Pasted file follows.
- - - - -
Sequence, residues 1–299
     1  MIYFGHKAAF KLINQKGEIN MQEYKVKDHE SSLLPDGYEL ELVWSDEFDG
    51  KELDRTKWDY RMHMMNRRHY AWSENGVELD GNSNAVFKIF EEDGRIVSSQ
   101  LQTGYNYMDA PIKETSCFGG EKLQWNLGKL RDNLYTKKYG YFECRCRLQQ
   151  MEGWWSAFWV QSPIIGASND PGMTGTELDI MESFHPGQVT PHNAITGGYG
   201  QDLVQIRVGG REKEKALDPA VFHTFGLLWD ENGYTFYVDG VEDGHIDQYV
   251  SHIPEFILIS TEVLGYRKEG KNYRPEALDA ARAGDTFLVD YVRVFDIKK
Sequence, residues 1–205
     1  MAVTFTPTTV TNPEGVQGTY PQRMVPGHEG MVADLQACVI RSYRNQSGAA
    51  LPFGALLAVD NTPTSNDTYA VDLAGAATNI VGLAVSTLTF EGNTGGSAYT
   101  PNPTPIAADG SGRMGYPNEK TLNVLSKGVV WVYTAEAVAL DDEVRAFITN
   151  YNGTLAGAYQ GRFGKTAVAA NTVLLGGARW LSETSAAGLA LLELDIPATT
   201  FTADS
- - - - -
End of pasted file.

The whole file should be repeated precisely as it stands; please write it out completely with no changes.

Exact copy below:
Sequence, residues 1–299
     1  MIYFGHKAAF KLINQKGEIN MQEYKVKDHE SSLLPDGYEL ELVWSDEFDG
    51  KELDRTKWDY RMHMMNRRHY AWSENGVELD GNSNAVFKIF EEDGRIVSSQ
   101  LQTGYNYMDA PIKETSCFGG EKLQWNLGKL RDNLYTKKYG YFECRCRLQQ
   151  MEGWWSAFWV QSPIIGASND PGMTGTELDI MESFHPGQVT PHNAITGGYG
   201  QDLVQIRVGG REKEKALDPA VFHTFGLLWD ENGYTFYVDG VEDGHIDQYV
   251  SHIPEFILIS TEVLGYRKEG KNYRPEALDA ARAGDTFLVD YVRVFDIKK
Sequence, residues 1–205
     1  MAVTFTPTTV TNPEGVQGTY PQRMVPGHEG MVADLQACVI RSYRNQSGAA
    51  LPFGALLAVD NTPTSNDTYA VDLAGAATNI VGLAVSTLTF EGNTGGSAYT
   101  PNPTPIAADG SGRMGYPNEK TLNVLSKGVV WVYTAEAVAL DDEVRAFITN
   151  YNGTLAGAYQ GRFGKTAVAA NTVLLGGARW LSETSAAGLA LLELDIPATT
   201  FTADS